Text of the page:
Posted By: Ed DaviesThe problem is micro-inverters and the like when you buy the things with, in theory, indefinite logging via their website or whatever. Then they go into administration and you're stuck. If it's a published protocol and you can configure the domain name or IP address so a substitute service can be implemented reasonably easily (it's happened) then it's not so bad. Whatever, it's something to think about when you buy these toys.

    Indeed, although the major offenders are far more prosaic - banks and utility companies with their 'paperless service'.

    In the case of my micro inverters, I guess they're now breaking the law, since they transmit the data to the US and the web page includes personal details. The protocol they use is private but fortunately is insecure and has been hacked, so if they do go t*ts*p I should be able to capture the data. In the meantime, I download it as a CSV, although it's not really as detailed as I would like.
    • CommentAuthorskyewright
    • CommentTimeOct 13th 2015 edited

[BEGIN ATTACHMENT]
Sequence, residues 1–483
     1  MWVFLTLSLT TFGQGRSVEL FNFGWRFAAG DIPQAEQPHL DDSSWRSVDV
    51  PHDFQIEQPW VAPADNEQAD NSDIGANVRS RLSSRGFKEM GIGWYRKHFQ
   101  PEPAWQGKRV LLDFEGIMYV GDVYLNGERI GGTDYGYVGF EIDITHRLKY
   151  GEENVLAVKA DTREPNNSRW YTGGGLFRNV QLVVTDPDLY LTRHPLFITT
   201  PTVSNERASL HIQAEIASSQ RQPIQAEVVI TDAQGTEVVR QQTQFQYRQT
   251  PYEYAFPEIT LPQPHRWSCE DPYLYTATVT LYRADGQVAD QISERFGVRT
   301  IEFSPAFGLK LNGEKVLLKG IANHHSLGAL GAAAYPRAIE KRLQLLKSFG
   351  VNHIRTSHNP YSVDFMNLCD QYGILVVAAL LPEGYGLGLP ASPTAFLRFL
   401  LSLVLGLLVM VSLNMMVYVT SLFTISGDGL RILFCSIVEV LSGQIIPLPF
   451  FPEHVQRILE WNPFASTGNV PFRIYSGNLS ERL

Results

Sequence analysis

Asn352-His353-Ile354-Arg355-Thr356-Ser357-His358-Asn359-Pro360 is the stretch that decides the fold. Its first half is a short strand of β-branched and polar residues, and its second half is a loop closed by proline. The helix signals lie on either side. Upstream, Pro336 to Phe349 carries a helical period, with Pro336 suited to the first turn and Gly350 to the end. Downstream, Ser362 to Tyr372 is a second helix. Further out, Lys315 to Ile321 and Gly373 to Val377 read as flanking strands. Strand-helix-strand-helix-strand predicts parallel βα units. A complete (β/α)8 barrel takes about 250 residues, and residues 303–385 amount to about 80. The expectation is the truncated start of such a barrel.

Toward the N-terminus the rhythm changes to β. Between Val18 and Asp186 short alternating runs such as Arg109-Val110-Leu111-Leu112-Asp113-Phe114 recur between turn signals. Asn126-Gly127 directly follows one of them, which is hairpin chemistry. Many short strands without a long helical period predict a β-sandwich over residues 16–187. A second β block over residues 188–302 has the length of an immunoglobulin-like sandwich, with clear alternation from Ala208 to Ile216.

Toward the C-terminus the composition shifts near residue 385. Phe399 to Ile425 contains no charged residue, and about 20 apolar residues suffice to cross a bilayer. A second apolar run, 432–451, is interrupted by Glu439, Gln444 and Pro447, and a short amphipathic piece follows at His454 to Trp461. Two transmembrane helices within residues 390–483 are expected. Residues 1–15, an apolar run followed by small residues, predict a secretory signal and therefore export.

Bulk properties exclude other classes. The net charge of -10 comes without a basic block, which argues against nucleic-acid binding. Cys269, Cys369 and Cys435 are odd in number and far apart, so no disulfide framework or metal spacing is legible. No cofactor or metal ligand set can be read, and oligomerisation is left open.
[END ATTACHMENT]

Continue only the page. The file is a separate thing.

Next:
Posted By: SteamyTeaI used to live near Buncefield:
    The building I used to work in was shared with the NHS payroll company. I think it took a week to get the systems up and running again after the explosion.
    Somewhere I have pictures of the racks all bent and twisted, in the bent and twisted buildings.
    They had off site storage.

    If that's who I think it is[1], then it was more than just off site storage, They were/are a business that specialise in facilities/data management & resilience, so the fact that their own premises survived such an incident was quite a demonstration of their systems & that they practice what they preach.

    [1] Pretty sure. A close relative used to work for them.
    •  
      CommentAuthorSteamyTea
    • CommentTimeOct 13th 2015
     
    Yes, it is who you think it is (we have had this conversation before). I worked in the same building briefly, but not the same company.
    Was quite a bang I believe and considering it only took a week to get it sort is really quite amazing.

    But I bet they charge more than ADrive, Google Drive, Dropbox or whatever MS call their service now.